The 2014 Sochi Winter Olympics are almost here, and we are ready to cheer on Team USA to the gold, from our couches in Kansas City! Watching all of these extreme sports on the television may get you thinking that you would like to begin extreme athletic activities of your own. Keep in mind, however, that these activities can lead to aching feet and an increased risk of foot and ankle injuries! Common foot and ankle injuries include plantar fasciitis (heel or arch pain), ankle sprains and stress fractures.
Plantar fasciitis is a common sports injury, and it has affected major athletes such as Olympic and NBA basketball player Kobe Bryant, past Kansas City Royals baseball player Scott Podsednik, and 2014 Olympic cross country skier Liz Stephen. It can also happen when becoming or staying active at any level; professional athlete or weekend warrior. Plantar Fasciitis can occur with any foot type; whether it’s a high or low arch and often happens when one does not have the proper support with shoe gear and orthotics, which could lead to instability and excessive strain on the feet.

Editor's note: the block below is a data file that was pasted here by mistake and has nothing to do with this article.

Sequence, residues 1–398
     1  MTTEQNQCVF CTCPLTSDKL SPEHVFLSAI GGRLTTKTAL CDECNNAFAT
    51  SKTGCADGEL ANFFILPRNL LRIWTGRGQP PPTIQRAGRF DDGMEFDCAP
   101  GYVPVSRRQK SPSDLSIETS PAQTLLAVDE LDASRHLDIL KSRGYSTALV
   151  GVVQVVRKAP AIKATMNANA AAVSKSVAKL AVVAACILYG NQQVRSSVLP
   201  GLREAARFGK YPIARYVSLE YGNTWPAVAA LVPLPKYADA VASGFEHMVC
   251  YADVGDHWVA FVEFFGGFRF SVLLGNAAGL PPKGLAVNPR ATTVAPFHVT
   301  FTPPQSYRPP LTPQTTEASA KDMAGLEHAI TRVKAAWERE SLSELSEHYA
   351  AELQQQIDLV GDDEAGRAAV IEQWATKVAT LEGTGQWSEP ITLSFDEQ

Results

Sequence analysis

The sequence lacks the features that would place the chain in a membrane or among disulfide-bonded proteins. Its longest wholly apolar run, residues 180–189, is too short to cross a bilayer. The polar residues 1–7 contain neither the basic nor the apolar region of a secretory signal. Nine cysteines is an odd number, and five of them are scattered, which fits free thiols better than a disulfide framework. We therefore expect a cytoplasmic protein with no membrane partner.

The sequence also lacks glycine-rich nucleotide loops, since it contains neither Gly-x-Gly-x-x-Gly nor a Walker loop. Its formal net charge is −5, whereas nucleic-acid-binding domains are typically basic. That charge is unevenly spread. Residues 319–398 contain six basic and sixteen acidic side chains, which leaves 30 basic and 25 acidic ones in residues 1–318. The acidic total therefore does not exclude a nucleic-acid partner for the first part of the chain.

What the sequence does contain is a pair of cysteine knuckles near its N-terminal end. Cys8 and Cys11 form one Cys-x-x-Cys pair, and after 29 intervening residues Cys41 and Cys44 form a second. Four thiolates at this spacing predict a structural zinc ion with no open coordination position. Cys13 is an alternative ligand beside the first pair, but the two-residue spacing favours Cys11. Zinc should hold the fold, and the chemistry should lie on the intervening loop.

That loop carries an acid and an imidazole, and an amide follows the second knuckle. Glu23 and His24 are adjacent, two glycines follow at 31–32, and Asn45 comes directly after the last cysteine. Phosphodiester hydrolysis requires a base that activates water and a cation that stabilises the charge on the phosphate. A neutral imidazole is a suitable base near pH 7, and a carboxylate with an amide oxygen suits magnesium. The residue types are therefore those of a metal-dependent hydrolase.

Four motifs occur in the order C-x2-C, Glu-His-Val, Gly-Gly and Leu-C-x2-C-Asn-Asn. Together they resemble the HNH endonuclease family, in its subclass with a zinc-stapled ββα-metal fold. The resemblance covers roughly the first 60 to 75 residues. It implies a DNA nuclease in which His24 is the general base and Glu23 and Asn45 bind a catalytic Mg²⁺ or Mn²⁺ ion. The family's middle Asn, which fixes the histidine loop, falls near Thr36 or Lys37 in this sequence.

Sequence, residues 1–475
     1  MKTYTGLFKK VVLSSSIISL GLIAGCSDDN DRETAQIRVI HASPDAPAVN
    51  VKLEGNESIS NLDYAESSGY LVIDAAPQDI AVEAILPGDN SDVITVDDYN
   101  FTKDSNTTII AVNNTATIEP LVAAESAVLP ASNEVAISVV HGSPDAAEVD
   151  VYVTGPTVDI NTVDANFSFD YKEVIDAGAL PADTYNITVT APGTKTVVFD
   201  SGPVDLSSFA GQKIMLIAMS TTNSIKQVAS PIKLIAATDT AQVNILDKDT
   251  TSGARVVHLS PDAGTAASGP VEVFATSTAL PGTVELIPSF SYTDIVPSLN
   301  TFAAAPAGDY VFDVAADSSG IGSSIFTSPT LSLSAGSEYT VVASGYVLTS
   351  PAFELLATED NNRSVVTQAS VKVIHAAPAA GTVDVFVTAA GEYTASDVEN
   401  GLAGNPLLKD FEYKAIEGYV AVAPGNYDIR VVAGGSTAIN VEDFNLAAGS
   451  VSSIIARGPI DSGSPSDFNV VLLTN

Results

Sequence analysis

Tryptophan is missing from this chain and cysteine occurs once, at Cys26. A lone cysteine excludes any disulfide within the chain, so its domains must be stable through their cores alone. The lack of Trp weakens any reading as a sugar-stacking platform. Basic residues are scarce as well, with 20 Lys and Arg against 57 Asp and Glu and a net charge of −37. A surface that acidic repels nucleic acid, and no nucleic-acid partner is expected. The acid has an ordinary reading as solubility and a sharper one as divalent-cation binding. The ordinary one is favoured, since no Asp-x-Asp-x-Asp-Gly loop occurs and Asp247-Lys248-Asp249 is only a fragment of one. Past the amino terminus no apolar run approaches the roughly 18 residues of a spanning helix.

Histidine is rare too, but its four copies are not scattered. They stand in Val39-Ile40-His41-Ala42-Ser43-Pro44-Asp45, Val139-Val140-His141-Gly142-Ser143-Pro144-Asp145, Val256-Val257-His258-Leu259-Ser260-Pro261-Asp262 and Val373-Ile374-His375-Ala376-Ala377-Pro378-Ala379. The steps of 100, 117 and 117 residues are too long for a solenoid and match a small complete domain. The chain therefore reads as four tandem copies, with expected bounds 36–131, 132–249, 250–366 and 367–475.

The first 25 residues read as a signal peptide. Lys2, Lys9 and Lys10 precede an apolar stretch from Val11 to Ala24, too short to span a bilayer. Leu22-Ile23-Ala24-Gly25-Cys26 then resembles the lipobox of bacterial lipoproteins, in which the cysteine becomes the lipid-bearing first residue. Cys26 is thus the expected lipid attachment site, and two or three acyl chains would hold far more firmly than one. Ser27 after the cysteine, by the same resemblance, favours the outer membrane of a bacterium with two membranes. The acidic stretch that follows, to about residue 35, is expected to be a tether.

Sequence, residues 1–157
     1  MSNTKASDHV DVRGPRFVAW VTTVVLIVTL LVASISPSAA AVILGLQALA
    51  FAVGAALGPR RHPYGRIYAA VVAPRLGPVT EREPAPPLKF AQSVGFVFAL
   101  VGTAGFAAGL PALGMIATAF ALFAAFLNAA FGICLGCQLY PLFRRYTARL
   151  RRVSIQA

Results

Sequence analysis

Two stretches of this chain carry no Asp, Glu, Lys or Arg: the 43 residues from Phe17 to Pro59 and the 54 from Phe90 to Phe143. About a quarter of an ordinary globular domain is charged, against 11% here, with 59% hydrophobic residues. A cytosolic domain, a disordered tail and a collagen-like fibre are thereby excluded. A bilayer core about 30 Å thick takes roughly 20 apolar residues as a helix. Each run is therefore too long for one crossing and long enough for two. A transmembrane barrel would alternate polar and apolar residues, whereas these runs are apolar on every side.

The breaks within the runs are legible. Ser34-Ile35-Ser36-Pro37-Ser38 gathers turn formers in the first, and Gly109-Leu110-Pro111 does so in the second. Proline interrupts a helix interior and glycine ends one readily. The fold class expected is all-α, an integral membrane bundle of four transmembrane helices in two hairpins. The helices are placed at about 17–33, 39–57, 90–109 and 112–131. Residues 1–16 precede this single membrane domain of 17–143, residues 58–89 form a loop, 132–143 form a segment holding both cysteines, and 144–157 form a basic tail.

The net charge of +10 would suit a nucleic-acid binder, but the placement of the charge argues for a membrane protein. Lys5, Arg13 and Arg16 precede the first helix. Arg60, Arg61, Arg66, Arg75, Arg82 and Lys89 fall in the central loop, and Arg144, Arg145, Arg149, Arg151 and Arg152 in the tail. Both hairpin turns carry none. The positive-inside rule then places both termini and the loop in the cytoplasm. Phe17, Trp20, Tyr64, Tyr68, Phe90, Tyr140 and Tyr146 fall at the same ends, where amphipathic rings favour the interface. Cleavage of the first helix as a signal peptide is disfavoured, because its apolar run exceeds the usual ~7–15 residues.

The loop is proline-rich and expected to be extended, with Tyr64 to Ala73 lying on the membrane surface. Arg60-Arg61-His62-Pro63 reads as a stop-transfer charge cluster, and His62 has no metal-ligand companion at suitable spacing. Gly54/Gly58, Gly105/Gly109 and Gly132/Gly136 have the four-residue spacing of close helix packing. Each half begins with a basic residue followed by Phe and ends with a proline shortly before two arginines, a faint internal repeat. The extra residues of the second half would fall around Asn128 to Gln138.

Plantar fasciitis, or heel pain, is usually first treated conservatively with rest, ice, anti-inflammatory medications, over-the-counter arch supports, stretching, and supportive shoe gear. But very often, it requires more aggressive treatment such as physical therapy, cortisone injections, night splints, cryo-anesthesia, and custom orthotics. At the first signs of heel or arch pain, see our podiatrists at Kansas City Foot and Ankle in order to get you back in the game.
Other common injuries seen in people who are very active are sprained ankles and stress fractures. After an ankle injury, it is important to find out if the ankle ligaments are stretched, partially torn, completely torn, or if there is an underlying fracture. It’s also important that you don’t ignore your pain because a stress fracture, if not treated properly, can progress and lead to longer disability and more time off your feet and away from your favorite activities.
So a few last injury prevention tips: stretch before and after activities, wear supportive shoes and arch support, and remember, just because you can walk on it doesn’t mean its ok! The lower extremities are very important to athletes. Come see Dr. Mark Green and Dr. Stephanie Jameson at Kansas City Foot and Ankle. We are ready to help you get back on your feet and stay active! And don’t forget to cheer on Team USA!